Rib of the Week: Tasty Honey Cinnamon Beef Ribs

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We’re in serious winter hibernation mode at The Mouse House. Baking bread. Roasting meat. Flouncing about in all manners of fleecy attire. The whole happy and delicious nine yards.

Since the last storm, Boston is basically frozen over. The snow’s long been shoveled, but it’s still too cold for it to melt. It’s just hardened into miniature glaciers all over our street.

When the temperature drops into the teens and single digits like this, we tend to spend a lot of time tucked up on the couch with a good movie and a bottle of wine, waiting for dinner to be done.

These ribs get a quick bath in a fragrant marinade, then get dusted with spices and roasted for just about an hour at a few different temperatures. The combination of spices makes the house smell amazing.

The heat from the cayenne combined with spiciness of the cinnamon, anise, and clove is warming through and through. The honey adds just a wee bit of sweetness to balance the pepper, and a drizzle of mushroom soy imparts a rich, earthy saltiness.

It may seem like an unusual combination, but the spices all work together and the whole thing is amazingly delicious. I did this with beef spare ribs, but the marinade and rub would work just as well on pork.

Serve them with cooling and creamy sides, like buttery mashed potatoes and a crisp garden salad.

A note on ingredients for Tasty Honey Cinnamon Beef Ribs

For rice vinegar, I like Marukan brand a lot. Lots of major American grocery stores carry it (check their store locator to find it near you.)

If you can’t find powdered Chinese star anise, Penzey’s sells a half-cup jar for $4.99. For mushroom soy sauce, Pearl River brand is my favorite.

These ribs are fairly hot. For less heat, cut down on the amount of cayenne.

Tasty Honey Cinnamon Ribs

8 meaty beef back ribs
spray oil

For the marinade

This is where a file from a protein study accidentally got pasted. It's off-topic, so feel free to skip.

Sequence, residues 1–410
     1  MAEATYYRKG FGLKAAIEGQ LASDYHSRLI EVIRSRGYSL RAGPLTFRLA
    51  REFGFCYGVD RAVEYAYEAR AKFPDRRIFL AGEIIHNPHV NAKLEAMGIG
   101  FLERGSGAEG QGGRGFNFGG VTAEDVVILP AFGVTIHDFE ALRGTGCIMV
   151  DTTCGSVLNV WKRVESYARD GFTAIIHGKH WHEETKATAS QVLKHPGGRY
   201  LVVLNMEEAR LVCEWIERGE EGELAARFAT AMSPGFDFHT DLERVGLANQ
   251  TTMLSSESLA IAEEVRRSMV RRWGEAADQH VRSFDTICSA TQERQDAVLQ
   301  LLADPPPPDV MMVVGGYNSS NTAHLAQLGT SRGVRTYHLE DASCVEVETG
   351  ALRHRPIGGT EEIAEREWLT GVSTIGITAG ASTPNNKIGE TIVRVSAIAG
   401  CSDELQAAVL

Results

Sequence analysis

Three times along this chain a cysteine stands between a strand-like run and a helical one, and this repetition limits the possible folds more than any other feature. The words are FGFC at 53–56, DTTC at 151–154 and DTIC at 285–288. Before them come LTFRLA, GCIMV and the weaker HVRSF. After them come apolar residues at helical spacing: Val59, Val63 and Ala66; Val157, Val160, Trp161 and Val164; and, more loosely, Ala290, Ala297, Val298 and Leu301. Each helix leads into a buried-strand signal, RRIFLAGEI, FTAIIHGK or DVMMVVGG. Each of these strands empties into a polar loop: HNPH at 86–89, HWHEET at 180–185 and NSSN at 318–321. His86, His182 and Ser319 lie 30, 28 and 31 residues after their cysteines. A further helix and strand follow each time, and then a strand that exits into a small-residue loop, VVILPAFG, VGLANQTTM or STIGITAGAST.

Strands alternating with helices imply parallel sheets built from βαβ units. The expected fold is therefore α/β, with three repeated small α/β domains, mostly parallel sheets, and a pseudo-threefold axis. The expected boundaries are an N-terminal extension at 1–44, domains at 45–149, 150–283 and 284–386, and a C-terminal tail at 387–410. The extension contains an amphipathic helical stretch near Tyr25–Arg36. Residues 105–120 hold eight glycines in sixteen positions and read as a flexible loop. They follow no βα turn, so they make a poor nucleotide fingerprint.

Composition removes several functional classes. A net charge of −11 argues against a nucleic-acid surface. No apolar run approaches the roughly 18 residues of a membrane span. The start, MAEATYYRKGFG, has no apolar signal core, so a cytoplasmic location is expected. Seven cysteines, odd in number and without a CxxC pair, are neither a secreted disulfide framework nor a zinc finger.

2 Tbls. seasoned rice vinegar
2 Tbls. honey
2 Tbls. mushroom soy sauce
1/2 tsp. fresh garlic, minced
1 Tbls. olive oil

For the spice rub
1 1/2 tsp. garlic powder
3/4 tsp. kosher salt
3/4 tsp. onion powder
1 1/2 tsp. white pepper
1 1/2 tsp. dried parsley
3/4 tsp. cayenne pepper
3/4 tsp. ground Chinese star anise
1 1/2 tsp. Saigon cinnamon
1/4 tsp. ground clove

Preheat your oven to 450 degrees. Line a sheet pan with foil and set aside.

Prep the beef ribs

Grab your ribs from the fridge.

Toss them in a gallon-size zip-top bag.

Set the ribs aside on the counter to knock the chill off them while you make your marinade and rub.

Make the marinade for the beef ribs

Put the rice vinegar in a medium-sized bowl.

Add the honey to it.

Toss in the mushroom soy sauce, minced garlic, and olive oil.

Whisk well to combine. Be sure to scrape at the bottom of the bowl to get all the honey.

Coat the beef ribs

Pour the marinade into the bag with the ribs.

Seal the bag well. Smoosh it around between your hands to coat the ribs.

They should look about like this:

Set the bag aside and let the ribs soak for a few minutes while you throw together the dry rub.

Make the dry rub for the beef ribs

Put all the spice-rub ingredients in a medium-sized bowl (garlic powder, kosher salt, onion powder, white pepper, dried parsley, cayenne, ground anise, cinnamon, and ground clove).

Mix the spices together with a dry whisk or a fork, until the rub is fairly uniform.